Small-conductance Ca2+-activated K+ (SK) channels are important for excitability control and afterhyperpolarizations in vertebrate neurons and have been implicated in regulation of the functional state of the forebrain. We have examined the distribution, functional expression, and subunit composition of SK channels in rat brain. Immunoprecipitation detected solely homotetrameric SK2 and SK3 channels in native tissue and their constitutive association with calmodulin. Immunohistochemistry revealed a restricted distribution of SK1 and SK2 protein with highest densities in subregions of the hippocampus and neocortex. In contrast, SK3 protein was distributed more diffusely in these brain regions and predominantly expressed in phylogenetically older brain regions. Whole-cell recording showed a sharp segregation of apamin-sensitive SK current within the hippocampal formation, in agreement with the SK2 distribution, suggesting that SK2 homotetramers underlie the apamin-sensitive medium afterhyperpolarizations in rat hippocampus.
Molecular cloning of small-conductance Ca2+-activated K+ (SK) channels has revealed three genes, SK1–SK3 (Kohler et al., 1996). When expressed in Xenopusoocytes, the resulting channels are voltage-insensitive and activated by submicromolar intracellular Ca2+(Kohler et al., 1996; Hirschberg et al., 1998). Structure–function analysis revealed that their Ca2+ gating is mediated by constitutive association with calmodulin (Xia et al., 1998; Keen et al., 1999). However, direct interaction of calmodulin with native brain SK channels so far has been demonstrated only for SK3 (Xia et al., 1998).
In many neurons, action potentials are followed by afterhyperpolarizations (AHPs) consisting of several phases, reflecting the activation of different K+ currents. Hippocampal pyramidal cells show three different AHPs: fast, medium (mAHP), and slow (sAHP) (Storm, 1987, 1990; Sah, 1996). Because SK2 and SK3 channels are highly apamin-sensitive (picomolar range), they are believed to contribute to the formation of the apamin-sensitive mAHP component and the corresponding current (Sah, 1996; Vergara et al., 1998; Xia et al., 1998; Stocker et al., 1999). For clarity, we will use the term I aAHP for the apamin-sensitive component of the mAHP current, because other current components [muscarin-sensitive K+ (M)-current, large-conductance Ca2+-activated K+(BK)-channel-mediated current, and hyperpolarization-activated cation current] are also known to contribute to the mAHP (Storm, 1989, 1990;Williamson and Alger, 1990). In contrast to SK2 and SK3 channels, homomeric SK1 channels show a significantly lower apamin sensitivity (nanomolar range). It was therefore suggested that the sAHP is mediated by SK1 channels. However, the findings that the sAHP is resistant to apamin (up to 1 μm; Lancaster and Nicoll, 1987;Storm, 1989; Stocker et al., 1999), whereas SK1 homomeric channels are blocked by this toxin (Shah and Haylett, 2000a; Strobaek et al., 2000;Grunnet et al., 2001a), have, together with other pharmacological and kinetic discrepancies, cast doubt on the proposed causal relationship between SK1 and the sAHP (Shah and Haylett, 2000b; Shah et al., 2001;Faber and Sah, 2002). Meanwhile, a complex alternative splicing pattern of mouse and rat SK1 genes have been discovered (Shmukler et al., 2001), with some splice variants lacking the calmodulin-binding domain.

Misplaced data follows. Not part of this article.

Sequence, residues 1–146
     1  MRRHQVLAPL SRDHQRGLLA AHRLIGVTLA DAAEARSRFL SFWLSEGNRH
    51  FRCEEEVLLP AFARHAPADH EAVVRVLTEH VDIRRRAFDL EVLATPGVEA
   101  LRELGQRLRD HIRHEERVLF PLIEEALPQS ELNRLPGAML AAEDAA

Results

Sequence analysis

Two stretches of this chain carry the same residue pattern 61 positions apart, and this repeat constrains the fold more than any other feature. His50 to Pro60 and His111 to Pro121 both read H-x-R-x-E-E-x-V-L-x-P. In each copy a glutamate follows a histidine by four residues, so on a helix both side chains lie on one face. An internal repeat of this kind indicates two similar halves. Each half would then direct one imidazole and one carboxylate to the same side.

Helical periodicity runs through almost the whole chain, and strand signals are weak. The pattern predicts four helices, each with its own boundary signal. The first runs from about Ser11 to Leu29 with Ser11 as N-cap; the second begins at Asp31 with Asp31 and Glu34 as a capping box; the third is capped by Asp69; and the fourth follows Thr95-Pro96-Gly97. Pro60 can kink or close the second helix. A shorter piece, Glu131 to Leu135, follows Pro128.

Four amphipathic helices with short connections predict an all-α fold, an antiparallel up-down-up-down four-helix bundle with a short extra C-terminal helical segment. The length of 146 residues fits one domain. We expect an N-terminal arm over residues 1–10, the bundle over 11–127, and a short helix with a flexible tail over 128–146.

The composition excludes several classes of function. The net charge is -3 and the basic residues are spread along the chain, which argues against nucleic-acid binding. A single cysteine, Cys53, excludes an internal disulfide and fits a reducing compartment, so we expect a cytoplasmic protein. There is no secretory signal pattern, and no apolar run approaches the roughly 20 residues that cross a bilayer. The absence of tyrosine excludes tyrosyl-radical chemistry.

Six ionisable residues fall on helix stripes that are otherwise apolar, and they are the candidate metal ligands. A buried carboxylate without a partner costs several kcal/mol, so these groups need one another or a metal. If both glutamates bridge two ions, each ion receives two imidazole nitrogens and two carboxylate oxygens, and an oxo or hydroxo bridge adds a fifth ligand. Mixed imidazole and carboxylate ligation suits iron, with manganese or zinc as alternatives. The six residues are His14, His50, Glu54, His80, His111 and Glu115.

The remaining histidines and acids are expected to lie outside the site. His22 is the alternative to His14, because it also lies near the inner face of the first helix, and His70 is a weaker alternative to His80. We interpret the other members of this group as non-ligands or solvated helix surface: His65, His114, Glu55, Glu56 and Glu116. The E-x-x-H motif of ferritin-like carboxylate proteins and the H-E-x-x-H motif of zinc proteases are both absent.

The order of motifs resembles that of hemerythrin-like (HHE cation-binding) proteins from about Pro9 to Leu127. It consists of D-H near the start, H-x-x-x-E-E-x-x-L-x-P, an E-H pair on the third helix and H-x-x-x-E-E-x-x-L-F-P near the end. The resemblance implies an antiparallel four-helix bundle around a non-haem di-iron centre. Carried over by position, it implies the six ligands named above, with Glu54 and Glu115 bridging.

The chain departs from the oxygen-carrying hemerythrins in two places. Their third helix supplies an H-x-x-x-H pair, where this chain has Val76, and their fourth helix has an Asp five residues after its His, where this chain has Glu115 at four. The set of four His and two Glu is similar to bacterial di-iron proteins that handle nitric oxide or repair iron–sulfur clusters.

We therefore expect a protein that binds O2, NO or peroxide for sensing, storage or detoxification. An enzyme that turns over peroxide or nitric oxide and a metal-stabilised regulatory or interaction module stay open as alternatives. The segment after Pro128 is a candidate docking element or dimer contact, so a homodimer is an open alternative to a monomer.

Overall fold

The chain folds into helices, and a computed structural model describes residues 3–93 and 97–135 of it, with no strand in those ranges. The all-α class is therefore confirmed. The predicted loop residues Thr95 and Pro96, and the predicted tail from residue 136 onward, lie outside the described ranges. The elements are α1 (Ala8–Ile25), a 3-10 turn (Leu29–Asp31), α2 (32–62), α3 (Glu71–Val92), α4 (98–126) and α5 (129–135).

To determine which SK proteins underlie the various ionic currents and AHPs, detailed information regarding the distributions of the SK subunits is required. However, so far our knowledge of these distributions in the brain has been based on in situhybridization data (Kohler et al., 1996; Stocker et al., 1999; Stocker and Pedarzani, 2000) and a few reports using antibodies directed against SK1 and SK3 protein (Bond et al., 2000; Bowden et al., 2001;Tacconi et al., 2001).
In this study, we have used a combination of immunological, pharmacological, and electrophysiological tools to determine the distribution and functional expression of all three SK channel genes in rat brain. These results may help clarify unsolved discrepancies of functional and pharmacological properties of SK channels.
MATERIALS AND METHODS
[125I]Apamin (2175 Ci/mmol) was obtained from PerkinElmer Life Sciences (Boston, MA), and SuperSignal West dura extended substrate was from Pierce (Rockford, IL). Protein A-Sepharose, sodium cholate, peroxidase-conjugated goat anti-rabbit IgG (used for Western blots), and 3,3′ diaminobenzidine were from Sigma (Munich, Germany). A monoclonal mouse IgG1anti-calmodulin antibody (05-173) was purchased from Upstate Biotechnology (Lake Placid, NY). Horseradish peroxidase-coupled goat anti-rabbit IgG (0448) was purchased from Dako (Glostrup, Denmark). Apamin was bought from Calbiochem (San Diego, CA), and 9-fluorenylmethoxycarbonyl lysine core solid phase support was from NovaBiochem (Laeufelfingen, Switzerland). Cyanogen bromide (CNBr)-activated Sepharose 4B was obtained from Amersham Biosciences (Uppsala, Sweden). The M-channel blocker 10,10-bis(pyridinylmethyl)-9(10H)-anthracenone (XE991) was obtained from DuPont (Billerica, MA). All remaining drugs were from Sigma. Substances for slice electrophysiology were bath-applied by adding them to the superfusing medium.
Antibody production and affinity purification